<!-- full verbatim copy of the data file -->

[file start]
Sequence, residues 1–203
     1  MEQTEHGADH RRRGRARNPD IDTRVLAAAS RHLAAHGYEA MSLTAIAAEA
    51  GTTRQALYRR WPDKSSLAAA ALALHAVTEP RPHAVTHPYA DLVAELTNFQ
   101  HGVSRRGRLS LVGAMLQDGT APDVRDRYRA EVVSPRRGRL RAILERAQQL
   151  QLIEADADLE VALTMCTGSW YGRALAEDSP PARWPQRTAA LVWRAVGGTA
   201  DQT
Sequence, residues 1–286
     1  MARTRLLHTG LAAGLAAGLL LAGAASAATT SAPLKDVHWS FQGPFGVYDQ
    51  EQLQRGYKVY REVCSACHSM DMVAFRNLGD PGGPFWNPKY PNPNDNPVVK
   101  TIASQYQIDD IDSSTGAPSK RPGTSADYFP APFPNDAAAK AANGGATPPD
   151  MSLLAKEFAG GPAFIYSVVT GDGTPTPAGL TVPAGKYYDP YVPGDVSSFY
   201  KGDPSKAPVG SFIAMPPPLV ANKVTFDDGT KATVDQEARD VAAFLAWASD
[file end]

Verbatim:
Sequence, residues 1–203
     1  MEQTEHGADH RRRGRARNPD IDTRVLAAAS RHLAAHGYEA MSLTAIAAEA
    51  GTTRQALYRR WPDKSSLAAA ALALHAVTEP RPHAVTHPYA DLVAELTNFQ
   101  HGVSRRGRLS LVGAMLQDGT APDVRDRYRA EVVSPRRGRL RAILERAQQL
   151  QLIEADADLE VALTMCTGSW YGRALAEDSP PARWPQRTAA LVWRAVGGTA
   201  DQT
Sequence, residues 1–286
     1  MARTRLLHTG LAAGLAAGLL LAGAASAATT SAPLKDVHWS FQGPFGVYDQ
    51  EQLQRGYKVY REVCSACHSM DMVAFRNLGD PGGPFWNPKY PNPNDNPVVK
   101  TIASQYQIDD IDSSTGAPSK RPGTSADYFP APFPNDAAAK AANGGATPPD
   151  MSLLAKEFAG GPAFIYSVVT GDGTPTPAGL TVPAGKYYDP YVPGDVSSFY
   201  KGDPSKAPVG SFIAMPPPLV ANKVTFDDGT KATVDQEARD VAAFLAWASD